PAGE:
The electric power utility industry has reached an inflection point. Accelerating trends toward renewable energy, distributed grids, labour shortages, and more frequent and severe weather events are taking a toll on aging infrastructure that was not designed to meet the challenges of the future.
As utilities continue to modernize and invest in the grid, new technologies are needed to adapt to changing grid conditions, optimize performance, and mitigate the risk of outages. Those that take a strategic approach and implement the right solutions today will gain greater situational awareness and control over high-value and critical assets, positioning the organization for long-term success.
To learn more, read our recent white paper, published at Electric Energy Online Energy 4.0 and Remote Asset Monitoring - How Utilities Benefit From Smart, Connected Devices
What Is Energy 4.0?
Industry 4.0 has long been a buzzword in the manufacturing and industrial sectors. Representing the fourth industrial revolution, Industry 4.0 highlights the ongoing transition from early steam and electric power to modern advances in computing, automation, data and analytics, networking, and cloud services.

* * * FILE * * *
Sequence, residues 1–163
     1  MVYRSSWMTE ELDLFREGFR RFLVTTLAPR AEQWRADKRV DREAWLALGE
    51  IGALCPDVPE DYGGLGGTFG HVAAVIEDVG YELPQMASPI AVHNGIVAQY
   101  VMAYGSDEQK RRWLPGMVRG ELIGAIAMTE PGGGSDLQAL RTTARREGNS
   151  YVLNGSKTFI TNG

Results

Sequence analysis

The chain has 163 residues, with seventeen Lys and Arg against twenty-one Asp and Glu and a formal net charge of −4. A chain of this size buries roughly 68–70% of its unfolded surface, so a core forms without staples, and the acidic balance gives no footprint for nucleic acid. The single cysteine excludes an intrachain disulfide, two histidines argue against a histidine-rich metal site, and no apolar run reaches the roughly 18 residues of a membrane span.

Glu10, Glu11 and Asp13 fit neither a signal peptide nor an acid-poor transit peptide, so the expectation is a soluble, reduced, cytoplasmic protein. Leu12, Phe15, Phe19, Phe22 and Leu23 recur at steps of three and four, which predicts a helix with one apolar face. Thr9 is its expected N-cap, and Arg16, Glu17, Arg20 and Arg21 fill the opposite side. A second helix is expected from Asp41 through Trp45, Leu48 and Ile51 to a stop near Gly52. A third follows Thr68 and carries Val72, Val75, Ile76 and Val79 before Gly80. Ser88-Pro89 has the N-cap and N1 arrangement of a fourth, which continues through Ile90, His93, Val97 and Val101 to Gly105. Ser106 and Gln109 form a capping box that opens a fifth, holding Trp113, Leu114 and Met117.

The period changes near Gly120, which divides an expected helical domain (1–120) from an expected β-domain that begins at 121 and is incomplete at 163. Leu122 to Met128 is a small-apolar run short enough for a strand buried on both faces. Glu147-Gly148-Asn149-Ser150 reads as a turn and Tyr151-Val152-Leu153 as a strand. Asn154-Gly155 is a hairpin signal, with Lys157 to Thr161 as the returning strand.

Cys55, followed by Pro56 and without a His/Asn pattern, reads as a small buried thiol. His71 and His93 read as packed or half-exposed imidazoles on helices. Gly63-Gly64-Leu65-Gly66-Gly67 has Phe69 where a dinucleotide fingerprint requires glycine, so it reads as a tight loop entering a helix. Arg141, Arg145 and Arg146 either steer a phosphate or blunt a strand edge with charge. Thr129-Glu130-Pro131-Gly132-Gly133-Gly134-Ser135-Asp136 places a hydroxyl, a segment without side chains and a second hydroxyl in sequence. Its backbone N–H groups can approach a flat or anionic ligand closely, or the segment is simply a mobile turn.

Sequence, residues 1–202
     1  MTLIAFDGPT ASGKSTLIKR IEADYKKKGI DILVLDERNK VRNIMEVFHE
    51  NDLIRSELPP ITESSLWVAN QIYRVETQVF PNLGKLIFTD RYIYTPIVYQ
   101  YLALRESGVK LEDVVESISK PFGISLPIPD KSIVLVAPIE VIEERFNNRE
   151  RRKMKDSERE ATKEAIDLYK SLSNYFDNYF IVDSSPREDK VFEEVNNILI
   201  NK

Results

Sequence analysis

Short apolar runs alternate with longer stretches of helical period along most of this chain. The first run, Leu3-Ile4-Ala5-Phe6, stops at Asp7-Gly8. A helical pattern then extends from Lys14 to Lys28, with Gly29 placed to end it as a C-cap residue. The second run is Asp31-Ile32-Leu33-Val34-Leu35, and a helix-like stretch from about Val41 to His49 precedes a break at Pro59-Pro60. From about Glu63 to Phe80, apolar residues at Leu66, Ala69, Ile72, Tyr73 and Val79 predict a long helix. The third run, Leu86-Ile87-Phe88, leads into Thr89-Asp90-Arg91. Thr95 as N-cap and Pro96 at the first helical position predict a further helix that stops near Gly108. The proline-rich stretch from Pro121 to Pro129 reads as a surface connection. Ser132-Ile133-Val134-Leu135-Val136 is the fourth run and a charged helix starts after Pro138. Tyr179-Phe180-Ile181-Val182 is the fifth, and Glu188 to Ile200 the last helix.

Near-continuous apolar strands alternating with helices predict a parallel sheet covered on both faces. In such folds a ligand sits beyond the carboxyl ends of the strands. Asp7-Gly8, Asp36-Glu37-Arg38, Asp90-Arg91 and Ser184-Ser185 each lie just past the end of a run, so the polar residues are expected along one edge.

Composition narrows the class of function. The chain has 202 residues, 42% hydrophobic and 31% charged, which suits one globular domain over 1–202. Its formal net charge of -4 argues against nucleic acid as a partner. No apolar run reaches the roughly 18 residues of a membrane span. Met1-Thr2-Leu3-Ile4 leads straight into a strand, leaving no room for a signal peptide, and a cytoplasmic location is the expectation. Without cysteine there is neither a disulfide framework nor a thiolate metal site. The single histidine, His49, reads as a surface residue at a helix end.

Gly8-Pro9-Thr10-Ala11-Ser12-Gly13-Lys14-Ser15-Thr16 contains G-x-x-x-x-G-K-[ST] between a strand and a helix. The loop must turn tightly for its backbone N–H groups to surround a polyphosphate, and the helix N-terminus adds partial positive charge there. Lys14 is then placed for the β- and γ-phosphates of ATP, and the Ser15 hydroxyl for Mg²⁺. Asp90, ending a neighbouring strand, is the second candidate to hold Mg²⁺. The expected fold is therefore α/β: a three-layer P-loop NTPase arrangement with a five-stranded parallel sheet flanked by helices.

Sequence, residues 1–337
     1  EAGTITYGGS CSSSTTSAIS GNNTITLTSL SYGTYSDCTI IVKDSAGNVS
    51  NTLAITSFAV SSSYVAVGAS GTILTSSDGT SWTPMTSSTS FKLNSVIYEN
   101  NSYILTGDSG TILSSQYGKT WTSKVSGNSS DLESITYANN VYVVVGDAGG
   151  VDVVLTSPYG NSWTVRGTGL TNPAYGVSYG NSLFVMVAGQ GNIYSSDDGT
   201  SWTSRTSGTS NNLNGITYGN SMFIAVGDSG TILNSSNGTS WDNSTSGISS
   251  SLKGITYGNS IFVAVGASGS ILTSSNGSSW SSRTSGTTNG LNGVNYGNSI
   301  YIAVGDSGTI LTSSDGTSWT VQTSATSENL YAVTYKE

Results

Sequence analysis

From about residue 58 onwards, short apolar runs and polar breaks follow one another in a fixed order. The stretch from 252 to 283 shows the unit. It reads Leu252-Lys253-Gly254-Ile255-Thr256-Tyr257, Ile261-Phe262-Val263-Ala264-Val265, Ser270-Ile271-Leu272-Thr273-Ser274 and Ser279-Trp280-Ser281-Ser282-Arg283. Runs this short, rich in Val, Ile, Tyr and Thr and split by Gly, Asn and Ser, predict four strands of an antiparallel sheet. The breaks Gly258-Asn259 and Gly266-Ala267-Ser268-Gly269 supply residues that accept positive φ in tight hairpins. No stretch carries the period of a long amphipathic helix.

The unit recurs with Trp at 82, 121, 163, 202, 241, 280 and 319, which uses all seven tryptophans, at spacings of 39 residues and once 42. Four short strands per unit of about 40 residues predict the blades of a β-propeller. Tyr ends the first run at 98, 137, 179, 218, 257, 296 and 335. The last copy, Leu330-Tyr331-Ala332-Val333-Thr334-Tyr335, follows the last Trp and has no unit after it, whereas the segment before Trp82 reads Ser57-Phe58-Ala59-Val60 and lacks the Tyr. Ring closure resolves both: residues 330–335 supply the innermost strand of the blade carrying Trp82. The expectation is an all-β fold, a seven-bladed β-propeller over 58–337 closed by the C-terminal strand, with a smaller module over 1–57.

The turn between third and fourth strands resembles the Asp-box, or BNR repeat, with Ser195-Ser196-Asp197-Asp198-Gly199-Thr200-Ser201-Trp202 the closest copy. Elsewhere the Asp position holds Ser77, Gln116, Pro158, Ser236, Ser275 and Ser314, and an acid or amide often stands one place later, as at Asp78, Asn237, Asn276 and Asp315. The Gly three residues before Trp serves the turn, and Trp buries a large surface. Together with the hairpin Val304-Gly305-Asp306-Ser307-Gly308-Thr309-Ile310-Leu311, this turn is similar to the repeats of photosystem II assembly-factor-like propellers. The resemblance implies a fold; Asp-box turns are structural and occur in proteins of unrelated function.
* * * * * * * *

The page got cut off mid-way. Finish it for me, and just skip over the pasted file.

Energy 4.0 applies the same concept to the electrical power utility industry. Energy 4.0 is a general term for the collection of utility hardware, software, and technologies that leverage connectivity, data, and computing power to modernize the grid and improve performance.
Examples range from consumer-facing smart home electronics and smart meters that provide real-time usage and billing data to remote monitoring solutions that dramatically reduce the time and cost of maintenance and inspections.
Just as Industry 4.0 technologies have created new opportunities in manufacturing, Energy 4.0 technologies have the potential to transform how generation, transmission, and distribution infrastructure is managed, maintained, and upgraded.
What Are Energy 4.0 Technologies?
The Industrial Internet of Things
The Industrial Internet of Things (IIoT) is a network of physical devices or sensors that collect, exchange, and transmit contextual data which can be used by both operators and strategic decision makers. For example, connected IIoT devices can monitor asset health, detect load changes, and verify overhead switches, or identify performance degradation.
The global utility IIoT market was valued at US$36.8 billion in 2021. But soaring adoption and rapidly advancing technology mean the market is expected to grow to more than $129 billion by 2032.
Cloud computing is the on-demand delivery of computing services over the Internet. Examples include access to servers, storage, databases, networking, software, analytics, or other IT services. Compared to traditional, on-premises IT infrastructure, cloud service providers offer highly flexible and scalable resources at a significantly lower overall cost.
Further, because it is their core business, reputable cloud service providers are generally able to offer stronger security, better performance, and more frequent updates than a typical in-house IT department.